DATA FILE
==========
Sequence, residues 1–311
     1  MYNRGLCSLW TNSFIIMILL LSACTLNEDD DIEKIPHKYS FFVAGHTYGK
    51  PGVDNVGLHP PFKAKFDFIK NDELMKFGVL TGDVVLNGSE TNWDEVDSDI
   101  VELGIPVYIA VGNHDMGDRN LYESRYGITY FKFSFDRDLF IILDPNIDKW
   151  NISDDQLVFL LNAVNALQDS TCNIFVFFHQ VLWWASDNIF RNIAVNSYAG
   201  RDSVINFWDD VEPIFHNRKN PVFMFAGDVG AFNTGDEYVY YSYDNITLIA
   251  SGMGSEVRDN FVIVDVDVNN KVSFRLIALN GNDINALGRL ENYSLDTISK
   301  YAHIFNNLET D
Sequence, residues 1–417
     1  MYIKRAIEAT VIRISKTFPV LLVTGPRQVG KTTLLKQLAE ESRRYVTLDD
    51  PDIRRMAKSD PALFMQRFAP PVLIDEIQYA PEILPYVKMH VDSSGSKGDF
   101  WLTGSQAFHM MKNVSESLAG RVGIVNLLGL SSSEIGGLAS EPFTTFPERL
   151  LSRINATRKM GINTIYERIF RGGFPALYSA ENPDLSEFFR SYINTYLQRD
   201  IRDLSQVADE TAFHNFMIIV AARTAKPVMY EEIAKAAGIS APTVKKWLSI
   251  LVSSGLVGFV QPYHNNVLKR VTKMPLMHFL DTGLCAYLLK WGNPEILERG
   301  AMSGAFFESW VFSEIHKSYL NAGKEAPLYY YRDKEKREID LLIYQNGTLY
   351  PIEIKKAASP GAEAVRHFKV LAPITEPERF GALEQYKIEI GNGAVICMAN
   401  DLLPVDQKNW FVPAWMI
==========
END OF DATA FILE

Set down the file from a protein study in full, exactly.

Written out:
Sequence, residues 1–311
     1  MYNRGLCSLW TNSFIIMILL LSACTLNEDD DIEKIPHKYS FFVAGHTYGK
    51  PGVDNVGLHP PFKAKFDFIK NDELMKFGVL TGDVVLNGSE TNWDEVDSDI
   101  VELGIPVYIA VGNHDMGDRN LYESRYGITY FKFSFDRDLF IILDPNIDKW
   151  NISDDQLVFL LNAVNALQDS TCNIFVFFHQ VLWWASDNIF RNIAVNSYAG
   201  RDSVINFWDD VEPIFHNRKN PVFMFAGDVG AFNTGDEYVY YSYDNITLIA
   251  SGMGSEVRDN FVIVDVDVNN KVSFRLIALN GNDINALGRL ENYSLDTISK
   301  YAHIFNNLET D
Sequence, residues 1–417
     1  MYIKRAIEAT VIRISKTFPV LLVTGPRQVG KTTLLKQLAE ESRRYVTLDD
    51  PDIRRMAKSD PALFMQRFAP PVLIDEIQYA PEILPYVKMH VDSSGSKGDF
   101  WLTGSQAFHM MKNVSESLAG RVGIVNLLGL SSSEIGGLAS EPFTTFPERL
   151  LSRINATRKM GINTIYERIF RGGFPALYSA ENPDLSEFFR SYINTYLQRD
   201  IRDLSQVADE TAFHNFMIIV AARTAKPVMY EEIAKAAGIS APTVKKWLSI
   251  LVSSGLVGFV QPYHNNVLKR VTKMPLMHFL DTGLCAYLLK WGNPEILERG
   301  AMSGAFFESW VFSEIHKSYL NAGKEAPLYY YRDKEKREID LLIYQNGTLY
   351  PIEIKKAASP GAEAVRHFKV LAPITEPERF GALEQYKIEI GNGAVICMAN
   401  DLLPVDQKNW FVPAWMI